Haftorah: Yehoash King of Yehuda
הרב אברהם ריבלין, המשגיח הרוחני לשעבר
The Haftorah for Shabbat Shekalim tells of Yehoash, King of Yehuda, and of his efforts to refurbish the Beit Hamikdash through Bnei Yisrael's donation of the shekalim. Unfortunately, many do not remember the unique story of Yehoash and his efforts on behalf of the Beit Hamikdash. Let us summarize the pesukim in Melachim II ch. 9-12 and Divrei Hayamim II ch. 22-24, as well as the relevant statements of Chazal regarding the personality of Yehoash.
Omri, King of Yisrael, had a well-known son, Achav, who was led to wickedness by his wife, Izevel. Omri also had a wicked daughter, Atalya, who married Yehoram, King of Yehuda. Omri's two grandchildren, Yoram (the son of Achav and Izevel), King of Yisrael, and Achazya (the son of Yehoram and Atalya), King of Yehuda, also followed in the wicked path of the house of Achav. Therefore, Elisha the Prophet anointed Yehu ben Yehoshafat as king of Yisrael in order the destroy this wicked family. Yehu killed Yoram, King of Yisrael, and his mother, Izevel, and then the seventy sons of Achav. He completed the purification of the kingdom of Yisrael by killing all of the false prophets of the Ba'al. Yehu continued to purify the kingdom of Yehuda, as well, and killed King Achazya and all of his brothers (the sons of Yehoram and Atalya). However, unlike his approach to the kingdom of Yisrael, in which he killed the wicked Queen Izevel and seized the throne for himself, in Yehuda he left alive Atalya, the daughter of Omri and wife of Yehoram.
When Atalya saw that her son, King Achazya, was killed, she killed the rest of the royal house, disposing of all contenders to the throne, and ruled herself over Yehuda for six years. Had her plans been realized, the Davidic dynasty would have been destroyed. However, one son of Yehoram from his wife Tzivia remained alive - Yehoash. The Gemara says, "Had Evyatar (son of Ahimelech) not remained [when Shaul killed Nov, the city of priests], there would have been no descendants of David left." (Sanhedrin 95b) This means that David's dynasty was jeopardized in part because of David's role in the destruction of Nov, as David said, "I am responsible for every life of your [Evyatar's] father's house." (Shmuel I 22:22) Only because there Evyatar escaped from Nov, Yehoash remained here.
The story of Yehoash's survival is connected to one of Yehoram's daughters. It seems that Atalya killed only the sons of Yehoram, who could have posed a threat to the throne. The daughters were spared, and one of them, Yehosheva (the daughter of Yehoram from another wife) was able to save one of her nephews, Yehoash. She hid Yehoash for six years in the "chadar hamitot" (bed chamber), and in the seventh year he assumed the throne, as our Haftorah begins, "Yehoash was seven years old when he became king." (Melachim II 12:1) Yehosheva's husband was Yehoyada the Kohen, whose name appears in the Haftorah. Yehoyada organized the great covenant between Bnei Yisrael and Hashem, and directed the killing of Atalya and coronation of Yehoash.
Where exactly did they hide Yehoash for the six years of Atalya's rule? What was this secret "chadar hamitot?" Chazal explain that Yehoyada and his wife Yehosheva hid him in the attic of the Beit Hamikdash during the summertime, and in the small adjacent rooms of the Beit Hamikdash during the winter. The Beit Hamikdash is referred to as "bed chambers" based on verses in Shir Hashirim (1:13,16) which refer to the Tabernacle as the bed and resting place of the Beloved. Chazal also say that the verse, "Indeed, He will hide me in His shelter" (Psalms 27:5), hints at Yehoash, who was hidden in the shelter of G-d. The trait of "hakarat hatov" (appreciating the good done by others), and the experience of growing up surrounded by the holiness of the Beit Hamikdash, were likely what motivated Yehoash to seek the welfare of the Beit Hamikdash and repair it. (Perhaps due to the time he spent in the inner parts of the Beit Hamikdash, he realized how much it had been neglected during the previous monarchies.)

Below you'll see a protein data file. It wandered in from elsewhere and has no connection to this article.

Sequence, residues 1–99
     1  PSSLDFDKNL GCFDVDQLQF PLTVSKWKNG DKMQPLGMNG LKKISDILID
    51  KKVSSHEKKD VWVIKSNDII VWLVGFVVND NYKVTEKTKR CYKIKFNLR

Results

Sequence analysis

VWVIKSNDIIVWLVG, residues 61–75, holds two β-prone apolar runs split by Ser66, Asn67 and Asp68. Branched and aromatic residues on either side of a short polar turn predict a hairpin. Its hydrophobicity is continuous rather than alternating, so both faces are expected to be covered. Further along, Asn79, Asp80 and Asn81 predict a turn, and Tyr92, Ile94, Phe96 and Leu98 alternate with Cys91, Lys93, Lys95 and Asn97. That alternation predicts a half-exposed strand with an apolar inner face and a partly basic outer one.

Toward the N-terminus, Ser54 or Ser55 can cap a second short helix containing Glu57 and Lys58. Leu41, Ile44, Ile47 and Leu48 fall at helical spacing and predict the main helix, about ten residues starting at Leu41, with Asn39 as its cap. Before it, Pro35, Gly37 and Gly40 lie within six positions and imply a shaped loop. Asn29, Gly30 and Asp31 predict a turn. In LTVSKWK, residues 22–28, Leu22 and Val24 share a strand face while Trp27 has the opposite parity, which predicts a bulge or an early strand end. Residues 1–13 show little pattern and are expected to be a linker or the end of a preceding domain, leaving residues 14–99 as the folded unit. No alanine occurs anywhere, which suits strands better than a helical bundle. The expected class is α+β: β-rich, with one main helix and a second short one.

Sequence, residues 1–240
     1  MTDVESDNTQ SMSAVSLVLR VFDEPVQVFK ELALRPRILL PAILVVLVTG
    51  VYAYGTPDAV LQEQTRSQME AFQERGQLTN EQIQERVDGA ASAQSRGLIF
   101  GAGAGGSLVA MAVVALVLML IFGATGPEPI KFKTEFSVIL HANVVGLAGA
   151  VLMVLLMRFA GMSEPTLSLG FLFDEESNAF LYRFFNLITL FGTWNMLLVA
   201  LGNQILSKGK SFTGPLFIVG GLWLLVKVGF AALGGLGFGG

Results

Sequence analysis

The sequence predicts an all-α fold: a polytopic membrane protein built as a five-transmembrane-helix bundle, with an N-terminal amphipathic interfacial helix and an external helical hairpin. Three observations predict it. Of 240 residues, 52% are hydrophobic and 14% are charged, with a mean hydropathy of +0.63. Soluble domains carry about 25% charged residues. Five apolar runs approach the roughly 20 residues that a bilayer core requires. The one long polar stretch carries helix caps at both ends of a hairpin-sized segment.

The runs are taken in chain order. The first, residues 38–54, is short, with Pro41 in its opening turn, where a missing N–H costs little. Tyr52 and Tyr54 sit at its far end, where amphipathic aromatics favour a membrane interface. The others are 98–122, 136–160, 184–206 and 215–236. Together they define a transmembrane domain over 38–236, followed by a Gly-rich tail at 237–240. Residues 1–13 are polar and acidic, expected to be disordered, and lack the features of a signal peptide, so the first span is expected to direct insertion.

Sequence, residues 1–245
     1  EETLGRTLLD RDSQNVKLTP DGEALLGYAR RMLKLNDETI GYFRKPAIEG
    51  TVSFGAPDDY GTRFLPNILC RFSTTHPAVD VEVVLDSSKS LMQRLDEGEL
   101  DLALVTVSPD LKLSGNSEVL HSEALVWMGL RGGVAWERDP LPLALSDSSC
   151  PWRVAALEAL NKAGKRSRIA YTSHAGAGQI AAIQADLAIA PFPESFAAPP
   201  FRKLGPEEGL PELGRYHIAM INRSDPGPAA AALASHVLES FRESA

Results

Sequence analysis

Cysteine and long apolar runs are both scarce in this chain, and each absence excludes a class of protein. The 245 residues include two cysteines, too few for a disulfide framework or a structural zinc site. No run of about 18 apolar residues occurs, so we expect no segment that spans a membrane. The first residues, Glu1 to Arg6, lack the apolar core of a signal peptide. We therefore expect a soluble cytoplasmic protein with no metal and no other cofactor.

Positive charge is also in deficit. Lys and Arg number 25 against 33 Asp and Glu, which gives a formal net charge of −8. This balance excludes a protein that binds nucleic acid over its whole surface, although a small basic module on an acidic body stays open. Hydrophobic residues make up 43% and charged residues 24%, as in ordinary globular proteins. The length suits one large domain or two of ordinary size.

However, toward the end of his life, Yehoash performed an about-face. He degraded the Beit Hamikdash and made himself into a deity. Chazal comment:
"They bowed down to the king." (Divrei Hayamim II 24:17) [His servants] said to him: You are a god. Had you not been a god, you could not have lasted for six years in the Kodesh Hakodashim. If you were not a god you would not be alive. At that moment, he accepted their remarks."
As a result of this haughtiness, the trait of hakarat hatov turned into a lack of appreciation of good. The prophets rebuked Yehoash, and he killed the prophet Zecharia, son of Yehoyada, his benefactor. "Thus King Yehoash did not remember the kindness that his father Yehoyada had done for him, and he killed his son. And as [Zecharia] was dying he said: May G-d see this and seek redress." (Divrei Hayamim II 24:22) The Gemara in Gittin tells us of the eventual revenge for the murder of Zecharia. At the time of the destruction of the Beit Hamikdash, Nevuzaradan, the Babylonian executioner, killed thousands until the prophet's blood stopped boiling. Chazal comment: Yehoash was an ingrate, as it says, "Yehoash did not remember." (Mechilta Beshalach 5:1)
Regarding the Torah, Chazal say, "If a person merits, it becomes an elixir of life for him; if he does not merit, it becomes a poison for him." (Yoma 72b) It seems that growing up in the Beit Hamikdash is also a "double-edged sword." When Yehoash was appreciative, he merited to strengthen and beautify the Beit Hamikdash. But, when he was no longer grateful, his actions helped cause the destruction of the Beit Hamikdash.
"Derech eretz kadma latorah - Proper character precedes the Torah."
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